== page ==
By Ian Rollins
Jerry Andrus, Albany’s world-famous magician and illusionist, died Sunday at the Mennonite Home. He was 89.
His brother, George Andrus, said Jerry died of cancer. George said a private graveside service will be held this week, and a public memorial service will follow later.
“Among other things, Jerry many times stated that he’d had a good life,” George, 91, said this morning. “He wasn’t morbid about it at all. He wasn’t fighting it.”
Rick Rogers, owner of Movies and Magic in downtown Albany, said Andrus was one of his early inspirations. “I’ve known him to be one of the kindest people I’ve ever met. Any child that ever knocked on his door and said, ‘Mr. Andrus, I’d like to see a trick,’ or ‘Mr. Andrus, can you help me with this trick?’ ... I’ve never known him not to stop and take the time to help a child, or an adult, for that matter.”
Rogers said Andrus was considered to be one of the top close-up magicians in the world. He knew illusionists David Copperfield and Criss Angel, performed at the famous Magic Castle in Hollywood and at shows worldwide, and had spoken at Harvard and Stanford as well as other universities.
His brother said the family moved from Springfield to Albany in 1928, when he and Jerry were boys. He said Jerry never moved far from Albany the rest of his life.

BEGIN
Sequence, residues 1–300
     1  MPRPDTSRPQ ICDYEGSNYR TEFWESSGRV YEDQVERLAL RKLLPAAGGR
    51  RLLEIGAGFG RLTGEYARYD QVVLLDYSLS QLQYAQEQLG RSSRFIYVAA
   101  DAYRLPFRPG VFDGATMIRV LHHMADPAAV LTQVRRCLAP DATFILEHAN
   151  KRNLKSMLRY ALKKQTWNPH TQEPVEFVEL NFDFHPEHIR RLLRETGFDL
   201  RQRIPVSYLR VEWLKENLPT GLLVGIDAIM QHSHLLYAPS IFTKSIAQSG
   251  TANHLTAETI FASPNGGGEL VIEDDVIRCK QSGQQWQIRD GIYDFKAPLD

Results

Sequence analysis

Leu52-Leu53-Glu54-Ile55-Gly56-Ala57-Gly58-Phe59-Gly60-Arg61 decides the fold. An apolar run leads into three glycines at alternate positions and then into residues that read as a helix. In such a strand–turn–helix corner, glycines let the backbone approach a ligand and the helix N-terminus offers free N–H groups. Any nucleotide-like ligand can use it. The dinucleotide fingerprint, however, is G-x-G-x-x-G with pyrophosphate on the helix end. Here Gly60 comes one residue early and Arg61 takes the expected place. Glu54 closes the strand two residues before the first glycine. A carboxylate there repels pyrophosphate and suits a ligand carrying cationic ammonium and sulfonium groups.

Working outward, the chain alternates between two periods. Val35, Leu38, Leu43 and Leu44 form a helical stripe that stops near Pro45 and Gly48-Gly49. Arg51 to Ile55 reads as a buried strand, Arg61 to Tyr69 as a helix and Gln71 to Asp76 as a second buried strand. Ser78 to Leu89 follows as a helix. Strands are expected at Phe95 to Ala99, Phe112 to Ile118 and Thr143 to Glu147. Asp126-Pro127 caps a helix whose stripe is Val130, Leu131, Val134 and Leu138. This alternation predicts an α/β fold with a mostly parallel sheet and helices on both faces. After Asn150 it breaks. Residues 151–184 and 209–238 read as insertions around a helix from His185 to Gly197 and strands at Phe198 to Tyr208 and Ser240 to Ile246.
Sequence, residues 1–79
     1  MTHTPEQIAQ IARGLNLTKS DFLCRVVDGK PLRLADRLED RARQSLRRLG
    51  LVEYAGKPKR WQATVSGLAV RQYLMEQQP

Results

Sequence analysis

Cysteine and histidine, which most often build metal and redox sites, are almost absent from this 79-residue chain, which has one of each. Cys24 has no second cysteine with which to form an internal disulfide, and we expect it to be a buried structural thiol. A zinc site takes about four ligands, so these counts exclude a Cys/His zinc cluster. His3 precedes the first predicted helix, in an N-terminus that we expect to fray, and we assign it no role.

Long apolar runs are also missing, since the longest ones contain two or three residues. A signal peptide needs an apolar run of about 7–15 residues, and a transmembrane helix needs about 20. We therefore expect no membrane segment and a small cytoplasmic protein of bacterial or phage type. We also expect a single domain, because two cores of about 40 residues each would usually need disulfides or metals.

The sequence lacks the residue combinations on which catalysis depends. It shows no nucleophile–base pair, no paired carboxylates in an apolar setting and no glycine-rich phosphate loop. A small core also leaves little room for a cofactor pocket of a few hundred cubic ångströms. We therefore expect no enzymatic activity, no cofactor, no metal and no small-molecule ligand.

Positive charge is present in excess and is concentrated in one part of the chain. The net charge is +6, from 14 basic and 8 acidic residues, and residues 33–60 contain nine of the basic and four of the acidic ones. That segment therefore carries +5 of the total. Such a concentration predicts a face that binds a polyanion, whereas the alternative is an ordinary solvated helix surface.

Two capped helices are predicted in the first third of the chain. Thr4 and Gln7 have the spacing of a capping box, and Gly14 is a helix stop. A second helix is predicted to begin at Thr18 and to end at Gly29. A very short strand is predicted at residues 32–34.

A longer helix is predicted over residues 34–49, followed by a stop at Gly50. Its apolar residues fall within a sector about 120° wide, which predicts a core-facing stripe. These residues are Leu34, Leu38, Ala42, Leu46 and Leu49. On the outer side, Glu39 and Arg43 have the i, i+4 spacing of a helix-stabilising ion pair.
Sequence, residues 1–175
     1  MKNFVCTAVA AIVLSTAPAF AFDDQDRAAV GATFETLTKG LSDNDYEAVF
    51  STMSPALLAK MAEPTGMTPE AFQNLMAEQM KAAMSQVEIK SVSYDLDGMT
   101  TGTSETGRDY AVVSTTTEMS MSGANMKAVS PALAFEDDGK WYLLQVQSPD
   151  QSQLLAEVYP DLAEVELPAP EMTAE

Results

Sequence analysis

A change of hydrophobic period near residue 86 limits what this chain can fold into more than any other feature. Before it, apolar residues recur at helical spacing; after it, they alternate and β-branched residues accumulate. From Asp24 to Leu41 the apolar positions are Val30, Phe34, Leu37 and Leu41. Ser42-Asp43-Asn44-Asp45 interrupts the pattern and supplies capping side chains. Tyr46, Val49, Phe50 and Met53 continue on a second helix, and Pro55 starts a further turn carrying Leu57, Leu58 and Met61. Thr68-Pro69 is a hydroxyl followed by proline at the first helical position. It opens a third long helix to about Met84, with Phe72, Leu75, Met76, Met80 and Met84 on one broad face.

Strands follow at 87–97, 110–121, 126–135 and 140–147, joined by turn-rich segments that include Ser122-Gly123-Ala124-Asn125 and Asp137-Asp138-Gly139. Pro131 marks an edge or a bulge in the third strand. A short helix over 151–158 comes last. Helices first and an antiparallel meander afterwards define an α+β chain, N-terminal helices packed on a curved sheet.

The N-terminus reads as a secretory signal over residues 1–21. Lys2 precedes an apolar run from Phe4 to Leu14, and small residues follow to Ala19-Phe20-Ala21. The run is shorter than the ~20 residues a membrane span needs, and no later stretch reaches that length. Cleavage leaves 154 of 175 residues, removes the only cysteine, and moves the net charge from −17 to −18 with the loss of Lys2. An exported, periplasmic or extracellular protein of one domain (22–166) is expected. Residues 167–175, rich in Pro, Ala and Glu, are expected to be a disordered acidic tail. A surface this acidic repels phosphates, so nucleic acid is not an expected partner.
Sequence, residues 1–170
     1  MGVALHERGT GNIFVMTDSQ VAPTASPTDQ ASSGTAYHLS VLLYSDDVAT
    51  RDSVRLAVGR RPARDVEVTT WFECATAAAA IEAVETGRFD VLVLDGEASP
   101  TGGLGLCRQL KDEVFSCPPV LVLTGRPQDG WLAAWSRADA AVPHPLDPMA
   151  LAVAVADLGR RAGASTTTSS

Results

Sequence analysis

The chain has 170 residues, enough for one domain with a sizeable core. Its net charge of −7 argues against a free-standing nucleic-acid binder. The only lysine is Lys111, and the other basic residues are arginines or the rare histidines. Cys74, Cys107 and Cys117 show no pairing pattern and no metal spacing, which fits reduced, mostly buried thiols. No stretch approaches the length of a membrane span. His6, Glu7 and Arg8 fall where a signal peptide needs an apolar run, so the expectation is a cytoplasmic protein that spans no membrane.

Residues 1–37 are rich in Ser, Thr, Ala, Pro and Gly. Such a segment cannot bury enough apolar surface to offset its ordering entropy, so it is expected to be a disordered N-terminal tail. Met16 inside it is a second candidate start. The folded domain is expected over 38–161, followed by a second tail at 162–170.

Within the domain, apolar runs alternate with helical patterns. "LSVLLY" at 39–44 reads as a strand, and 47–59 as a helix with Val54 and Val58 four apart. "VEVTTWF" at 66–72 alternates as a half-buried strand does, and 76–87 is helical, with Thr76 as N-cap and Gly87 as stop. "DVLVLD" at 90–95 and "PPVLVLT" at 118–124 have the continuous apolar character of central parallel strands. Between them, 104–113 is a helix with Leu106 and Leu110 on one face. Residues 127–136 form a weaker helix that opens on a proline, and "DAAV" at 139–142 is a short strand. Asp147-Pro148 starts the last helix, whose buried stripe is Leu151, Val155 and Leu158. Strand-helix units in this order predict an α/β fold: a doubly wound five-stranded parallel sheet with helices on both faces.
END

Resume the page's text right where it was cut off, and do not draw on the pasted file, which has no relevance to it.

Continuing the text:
Ring 238 of the International Brotherhood of Magicians held a special Jerry Andrus Day March 18 at the Venetian Theater. Albany Mayor Doug Killin contributed to the honor, proclaiming the day to be “Jerry Andrus Day.”
George Andrus lived next door to his brother since 1979. He said Jerry’s house was the “tightest, fullest house and shop of any place in the world,” packed with moving shelf units, which held Andrus’s many gadgets and inventions.
George and Jerry were two of four siblings. Other than George, Jerry is survived by a niece and nephew — daughter and son of George’s and Jerry’s late sister Lucilia Wiltse.